PSA 90 day (-.01)  , (6 month -.01) , (9 month +.02) , (1 year +.02) ( 18 months +.02)
ED still a problem, minor succces with bi-mix
plaque buildup due to injections 
 
 
 


RBinCountry
Regular Member


Date Joined Apr 2008
Total Posts : 270
   Posted 12/19/2008 11:25 AM (GMT -6)   
I would suggest to you that you have done all the right things so far - one of the reasons some of us chose surgery over other treatement options is because with surgery and the pathology report (which is superior to the biopsy) you are able to know for sure whether the cancer is confined to the prostate. The pathology report does tell you that the cancer extended just beyond the margin. This is not something that you wanted to happen, but the blessing is now that you know that - you still have the option of salvage radiation.

Now, as others have stated - some doctors want to commence the salvage radiation as quickly as possible (thinking it has the best opportunity for cure), while others choose to wait and see if the PSA rises. I like others would suggest you do lots of reading and consider bouncing your decisions off other medical experts - get lots of opinions. But do be encouraged that you still have good prospects for cure, even if the surgery failed to get all the cancer. I know this stuff is all difficult to handle emotionally but take one day at a time and educate yourself. Blessings.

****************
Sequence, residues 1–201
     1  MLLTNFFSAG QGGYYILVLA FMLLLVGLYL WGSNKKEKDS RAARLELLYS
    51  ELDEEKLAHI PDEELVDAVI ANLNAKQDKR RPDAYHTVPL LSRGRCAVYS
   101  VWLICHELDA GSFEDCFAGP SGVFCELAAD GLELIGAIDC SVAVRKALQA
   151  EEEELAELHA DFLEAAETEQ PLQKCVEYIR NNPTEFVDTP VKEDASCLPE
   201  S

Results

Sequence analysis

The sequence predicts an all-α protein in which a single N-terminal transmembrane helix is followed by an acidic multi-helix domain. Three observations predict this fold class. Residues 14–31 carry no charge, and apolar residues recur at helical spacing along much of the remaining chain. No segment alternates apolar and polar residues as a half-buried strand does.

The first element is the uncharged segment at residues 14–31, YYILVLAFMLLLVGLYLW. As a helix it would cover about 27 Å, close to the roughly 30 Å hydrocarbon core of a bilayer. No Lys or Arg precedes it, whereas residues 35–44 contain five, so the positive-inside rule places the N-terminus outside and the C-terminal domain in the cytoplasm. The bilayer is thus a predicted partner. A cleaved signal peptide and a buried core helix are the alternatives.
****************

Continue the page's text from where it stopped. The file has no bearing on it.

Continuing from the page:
RB
Age 61 (now 62)
Original data - pre-operation
PSA: 5.1
T1C clinical diagnosis, Needle biopsy - 10 cores, Gleason 7 = 3+4 in 1 core (40%), 7 cores Gleason 6 = 3+3 ranging from 5% to 12%
All scans negative
Lupron administered 4/9/2008 for 4 months (with idea I would undergo external beam radiation followed by seed implants - then I changed my mind).
Robotic DiVinci surgery - Dr. Fagin (Austin) May 19th
Post operative - pathology
pT2c NX MX
Gleason 3+4
Margins - negative
Extraprostatic extension - negative
seminal vesicle invasion - uninvolved
1st Post PSA <.04
2nd Post PSA <.1 10/30/2008


AngelBeliever
New Member


Date Joined Oct 2008
Total Posts : 7
   Posted 12/19/2008 2:29 PM (GMT -6)